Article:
Live plants are never a bad thing. I can't say that they definitely would help. :)

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The standard advice for BGA is erythromycin. That doesn't mean it's the best advice or the only method. By all means, she can and probably should try bleach, especially since this is a small tank.

Getting rid of it is only part of the issue -- the other part is to fix the problem so that it doesn't return. :)

Edit: Sniped by FishyMandy!

I don't know how standard it is, or even what that means. Let's not even go with this forum's advice, a quick look at the Skeptic Aquarist's site lists erythromycin as the very last of the choices, of which there are several before that.

I simply know that from the perspective of the fish, which is that it doesn't need to be subjected to a harsh antibiotic, especially because it's not even sick.

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I just used hot water, I know bleach can be used but it really scares me to be honest.

I might look into sand, or using the really fine gravel I used to have in my goldfish tank, though I really like to make my betta tank colourful Lol.

What is the proper ratio for cleaning with bleach again? I definitely do not want to use any medications, because every time I've medicated a betta, even when it was advised for the fish, it has never ended well

Edited by FishyMandy
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I use the very scientific method of adding enough bleach until the water smells bleachy, and then I rinse very thoroughly. I'm talking about using bleach on parts, not in a setup tank. I've used bleach on almost every piece of fish equipment I own. Why is it scary? Just rinse a lot. :)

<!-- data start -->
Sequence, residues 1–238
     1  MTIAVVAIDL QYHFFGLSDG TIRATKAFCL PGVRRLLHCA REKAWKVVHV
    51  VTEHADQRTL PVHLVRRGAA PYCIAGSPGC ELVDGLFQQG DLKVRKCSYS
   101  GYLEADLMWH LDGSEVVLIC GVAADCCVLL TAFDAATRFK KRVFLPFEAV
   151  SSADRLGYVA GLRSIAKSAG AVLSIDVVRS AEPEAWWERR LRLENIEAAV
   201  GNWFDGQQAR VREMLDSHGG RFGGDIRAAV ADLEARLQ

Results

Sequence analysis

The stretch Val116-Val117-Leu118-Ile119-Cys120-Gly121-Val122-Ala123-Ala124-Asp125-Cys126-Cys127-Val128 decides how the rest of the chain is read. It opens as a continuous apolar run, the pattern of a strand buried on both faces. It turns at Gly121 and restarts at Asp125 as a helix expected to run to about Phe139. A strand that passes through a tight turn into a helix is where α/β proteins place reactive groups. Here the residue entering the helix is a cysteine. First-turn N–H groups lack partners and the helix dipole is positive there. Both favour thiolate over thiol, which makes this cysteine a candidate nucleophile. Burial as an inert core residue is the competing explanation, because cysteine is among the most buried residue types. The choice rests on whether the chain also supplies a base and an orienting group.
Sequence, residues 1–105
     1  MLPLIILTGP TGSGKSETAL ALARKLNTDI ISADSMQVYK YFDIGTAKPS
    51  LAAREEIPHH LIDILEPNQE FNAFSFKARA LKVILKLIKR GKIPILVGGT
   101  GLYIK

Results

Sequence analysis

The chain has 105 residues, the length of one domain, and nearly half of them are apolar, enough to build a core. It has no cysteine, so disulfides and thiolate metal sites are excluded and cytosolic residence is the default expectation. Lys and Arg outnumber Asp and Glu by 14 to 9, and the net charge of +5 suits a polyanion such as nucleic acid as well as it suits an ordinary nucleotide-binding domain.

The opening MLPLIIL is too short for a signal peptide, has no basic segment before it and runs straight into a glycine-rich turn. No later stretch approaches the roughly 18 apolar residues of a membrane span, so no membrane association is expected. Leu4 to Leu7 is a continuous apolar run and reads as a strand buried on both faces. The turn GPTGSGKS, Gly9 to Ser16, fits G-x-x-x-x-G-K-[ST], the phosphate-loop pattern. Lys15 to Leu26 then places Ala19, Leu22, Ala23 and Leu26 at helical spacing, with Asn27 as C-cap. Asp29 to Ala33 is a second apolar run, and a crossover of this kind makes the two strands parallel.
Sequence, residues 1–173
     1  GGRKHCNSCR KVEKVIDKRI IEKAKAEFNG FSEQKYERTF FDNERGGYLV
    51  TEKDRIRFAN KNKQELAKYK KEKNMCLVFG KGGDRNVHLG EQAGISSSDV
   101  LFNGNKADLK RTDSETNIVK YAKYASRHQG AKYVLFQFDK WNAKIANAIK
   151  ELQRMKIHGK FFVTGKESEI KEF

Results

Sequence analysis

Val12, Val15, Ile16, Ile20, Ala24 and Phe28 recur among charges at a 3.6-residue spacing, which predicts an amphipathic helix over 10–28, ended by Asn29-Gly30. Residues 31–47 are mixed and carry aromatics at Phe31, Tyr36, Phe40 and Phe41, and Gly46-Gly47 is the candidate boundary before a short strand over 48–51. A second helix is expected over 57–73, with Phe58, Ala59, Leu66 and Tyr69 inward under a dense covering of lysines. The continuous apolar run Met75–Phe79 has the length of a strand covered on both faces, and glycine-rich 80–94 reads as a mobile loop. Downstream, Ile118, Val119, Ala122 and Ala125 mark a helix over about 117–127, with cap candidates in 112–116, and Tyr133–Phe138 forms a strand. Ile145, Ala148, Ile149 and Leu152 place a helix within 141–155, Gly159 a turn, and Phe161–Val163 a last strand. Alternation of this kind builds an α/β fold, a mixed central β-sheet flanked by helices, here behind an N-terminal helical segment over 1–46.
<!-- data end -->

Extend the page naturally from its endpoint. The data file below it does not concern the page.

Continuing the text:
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I use the very scientific method of adding enough bleach until the water smells bleachy, and then I rinse very thoroughly. I'm talking about using bleach on parts, not in a setup tank. I've used bleach on almost every piece of fish equipment I own. Why is it scary? Just rinse a lot. :)

Bleach is quite effective, and will kill off even spores when used at the right concentration. :)

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Just because before I joined here I've always heard NEVER EVER USE BLEACH OR SOAP OR ANYTHING OTHER THAN WARM WATER IT IS BAD AND WILL KILL YOUR FISH.

That is still stuck in my head xD

I really like the idea of sand with some marbles I was also thinking of some fine black gravel with marbles. Either one will have to wait until at least next week though :P Money